1. Plan how you will use Passing Notes in the meeting.

NOTE: This exercise is generally done in a large group session with smaller intact work group breakouts. It can also be done between individuals within a group.

NOTE: You will need to allot approximately ninety minutes for this exercise.

2. Create the four instructional charts or slides you will use. See the charts below for examples.

During the Meeting

1. Present the purpose of Passing Notes. You might say, for example: “We are a group of people who are dependent upon each other for success. But we haven’t taken much time to communicate what we need from each other to be successful. We will take the next hour and a half to exchange information, and then use that information to make plans to help support each other’s efforts better.”

2. Break the group into their specific work groups. Ask each group to write notes to all of the groups that they are dependent on to get their own work done. These Passing Notes need to be specific. This might be introduced as, for example, “In order for us to meet our goals, we need you to …” or “In order for us to work more effectively, we need you to …” Be sure to include positive feedback too, for example “It is very helpful when you ….” Display the Passing Notes guidelines chart or overhead you prepared before the meeting. An example is below.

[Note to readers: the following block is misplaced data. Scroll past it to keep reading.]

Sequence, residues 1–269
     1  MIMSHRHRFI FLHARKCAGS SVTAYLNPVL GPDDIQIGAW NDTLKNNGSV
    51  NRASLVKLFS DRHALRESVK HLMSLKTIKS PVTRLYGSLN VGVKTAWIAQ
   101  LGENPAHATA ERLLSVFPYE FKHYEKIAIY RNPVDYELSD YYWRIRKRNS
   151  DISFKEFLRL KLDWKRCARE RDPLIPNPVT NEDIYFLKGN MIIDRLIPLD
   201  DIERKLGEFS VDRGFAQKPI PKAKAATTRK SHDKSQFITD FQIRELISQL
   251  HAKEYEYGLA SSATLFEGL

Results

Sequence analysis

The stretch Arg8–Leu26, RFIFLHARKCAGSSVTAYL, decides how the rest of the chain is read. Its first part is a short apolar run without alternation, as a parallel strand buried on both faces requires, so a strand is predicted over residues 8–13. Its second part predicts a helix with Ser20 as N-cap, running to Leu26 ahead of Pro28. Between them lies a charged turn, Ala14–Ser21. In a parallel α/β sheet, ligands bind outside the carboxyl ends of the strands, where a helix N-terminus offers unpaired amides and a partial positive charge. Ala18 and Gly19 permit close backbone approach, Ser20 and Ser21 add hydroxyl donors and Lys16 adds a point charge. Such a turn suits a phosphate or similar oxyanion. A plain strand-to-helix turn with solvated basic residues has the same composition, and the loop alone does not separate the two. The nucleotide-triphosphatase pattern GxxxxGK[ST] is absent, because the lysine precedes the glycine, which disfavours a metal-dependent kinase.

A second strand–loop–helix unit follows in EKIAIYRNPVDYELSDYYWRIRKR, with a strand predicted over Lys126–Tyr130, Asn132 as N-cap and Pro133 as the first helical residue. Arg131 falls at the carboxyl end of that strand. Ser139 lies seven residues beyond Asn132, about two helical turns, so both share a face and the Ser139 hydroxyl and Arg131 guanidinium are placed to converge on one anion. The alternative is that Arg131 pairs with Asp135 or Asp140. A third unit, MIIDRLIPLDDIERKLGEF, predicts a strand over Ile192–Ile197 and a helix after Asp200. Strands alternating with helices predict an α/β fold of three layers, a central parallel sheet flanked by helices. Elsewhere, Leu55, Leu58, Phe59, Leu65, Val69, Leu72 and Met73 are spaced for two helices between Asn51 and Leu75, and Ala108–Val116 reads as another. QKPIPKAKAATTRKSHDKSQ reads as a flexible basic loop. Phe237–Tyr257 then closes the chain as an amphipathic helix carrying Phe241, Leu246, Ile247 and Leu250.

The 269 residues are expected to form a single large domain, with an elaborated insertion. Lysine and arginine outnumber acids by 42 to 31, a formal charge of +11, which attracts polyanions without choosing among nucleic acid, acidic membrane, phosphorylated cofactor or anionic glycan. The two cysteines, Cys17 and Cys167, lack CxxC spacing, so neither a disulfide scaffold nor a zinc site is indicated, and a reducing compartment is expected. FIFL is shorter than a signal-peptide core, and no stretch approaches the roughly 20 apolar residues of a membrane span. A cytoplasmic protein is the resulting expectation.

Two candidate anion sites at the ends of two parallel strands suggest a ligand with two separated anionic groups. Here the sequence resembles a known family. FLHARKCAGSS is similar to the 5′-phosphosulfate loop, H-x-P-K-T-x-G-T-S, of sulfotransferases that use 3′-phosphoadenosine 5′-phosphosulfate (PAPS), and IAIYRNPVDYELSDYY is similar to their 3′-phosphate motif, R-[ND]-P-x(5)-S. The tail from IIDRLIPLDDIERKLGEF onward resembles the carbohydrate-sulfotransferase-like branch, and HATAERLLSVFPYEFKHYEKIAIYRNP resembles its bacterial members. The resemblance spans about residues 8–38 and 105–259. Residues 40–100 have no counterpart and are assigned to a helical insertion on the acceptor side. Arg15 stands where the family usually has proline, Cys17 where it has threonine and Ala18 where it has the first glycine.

Coach your groups on how to give constructive feedback, as well as specific guidelines on how to respond to Passing Notes in positive terms. All feedback must honor the self esteem of others, state the purpose of the request, and make the request in concrete, specific, and measurable terms. For example, one note might read: We need more lead time in order to get you the materials you need when you need them. We would appreciate your communicating with us as soon as you hear from your customers with even an estimate of your needs.” An inappropriate note would read “If you jerks can’t get your act together to pick up the phone, don’t blame us.”